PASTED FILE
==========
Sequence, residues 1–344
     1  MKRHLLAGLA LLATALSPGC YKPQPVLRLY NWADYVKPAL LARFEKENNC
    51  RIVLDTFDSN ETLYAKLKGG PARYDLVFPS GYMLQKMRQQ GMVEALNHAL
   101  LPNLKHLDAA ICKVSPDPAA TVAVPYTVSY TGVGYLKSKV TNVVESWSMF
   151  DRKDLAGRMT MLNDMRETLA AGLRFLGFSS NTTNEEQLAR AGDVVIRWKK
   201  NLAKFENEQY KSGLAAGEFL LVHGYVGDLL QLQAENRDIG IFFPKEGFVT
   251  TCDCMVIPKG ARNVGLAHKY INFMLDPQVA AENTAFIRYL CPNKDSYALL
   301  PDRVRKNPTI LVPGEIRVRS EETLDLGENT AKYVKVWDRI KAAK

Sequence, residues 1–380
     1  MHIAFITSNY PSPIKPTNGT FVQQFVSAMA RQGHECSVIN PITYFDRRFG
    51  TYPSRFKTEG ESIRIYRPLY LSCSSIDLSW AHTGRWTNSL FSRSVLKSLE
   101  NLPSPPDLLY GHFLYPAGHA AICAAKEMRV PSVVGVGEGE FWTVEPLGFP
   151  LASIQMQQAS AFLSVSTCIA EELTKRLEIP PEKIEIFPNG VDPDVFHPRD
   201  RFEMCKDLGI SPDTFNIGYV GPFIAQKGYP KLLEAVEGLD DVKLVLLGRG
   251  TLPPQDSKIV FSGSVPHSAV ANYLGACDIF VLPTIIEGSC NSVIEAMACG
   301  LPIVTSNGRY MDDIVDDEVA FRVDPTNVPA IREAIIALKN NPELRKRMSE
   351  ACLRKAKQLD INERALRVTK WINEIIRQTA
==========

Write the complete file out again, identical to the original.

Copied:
Sequence, residues 1–344
     1  MKRHLLAGLA LLATALSPGC YKPQPVLRLY NWADYVKPAL LARFEKENNC
    51  RIVLDTFDSN ETLYAKLKGG PARYDLVFPS GYMLQKMRQQ GMVEALNHAL
   101  LPNLKHLDAA ICKVSPDPAA TVAVPYTVSY TGVGYLKSKV TNVVESWSMF
   151  DRKDLAGRMT MLNDMRETLA AGLRFLGFSS NTTNEEQLAR AGDVVIRWKK
   201  NLAKFENEQY KSGLAAGEFL LVHGYVGDLL QLQAENRDIG IFFPKEGFVT
   251  TCDCMVIPKG ARNVGLAHKY INFMLDPQVA AENTAFIRYL CPNKDSYALL
   301  PDRVRKNPTI LVPGEIRVRS EETLDLGENT AKYVKVWDRI KAAK

Sequence, residues 1–380
     1  MHIAFITSNY PSPIKPTNGT FVQQFVSAMA RQGHECSVIN PITYFDRRFG
    51  TYPSRFKTEG ESIRIYRPLY LSCSSIDLSW AHTGRWTNSL FSRSVLKSLE
   101  NLPSPPDLLY GHFLYPAGHA AICAAKEMRV PSVVGVGEGE FWTVEPLGFP
   151  LASIQMQQAS AFLSVSTCIA EELTKRLEIP PEKIEIFPNG VDPDVFHPRD
   201  RFEMCKDLGI SPDTFNIGYV GPFIAQKGYP KLLEAVEGLD DVKLVLLGRG
   251  TLPPQDSKIV FSGSVPHSAV ANYLGACDIF VLPTIIEGSC NSVIEAMACG
   301  LPIVTSNGRY MDDIVDDEVA FRVDPTNVPA IREAIIALKN NPELRKRMSE
   351  ACLRKAKQLD INERALRVTK WINEIIRQTA